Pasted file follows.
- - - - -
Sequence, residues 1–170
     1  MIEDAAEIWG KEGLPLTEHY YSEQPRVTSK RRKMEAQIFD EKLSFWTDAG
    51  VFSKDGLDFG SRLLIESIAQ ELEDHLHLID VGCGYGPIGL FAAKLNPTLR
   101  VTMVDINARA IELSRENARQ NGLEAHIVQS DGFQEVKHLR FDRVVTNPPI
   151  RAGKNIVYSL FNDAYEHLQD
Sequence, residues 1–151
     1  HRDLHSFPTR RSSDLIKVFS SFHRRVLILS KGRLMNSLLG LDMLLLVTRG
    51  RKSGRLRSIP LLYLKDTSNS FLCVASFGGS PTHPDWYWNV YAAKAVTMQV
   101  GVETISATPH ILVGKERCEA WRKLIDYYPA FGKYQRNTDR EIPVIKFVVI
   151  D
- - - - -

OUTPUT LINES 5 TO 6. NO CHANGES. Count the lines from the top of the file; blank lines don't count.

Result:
   151  RAGKNIVYSL FNDAYEHLQD
Sequence, residues 1–151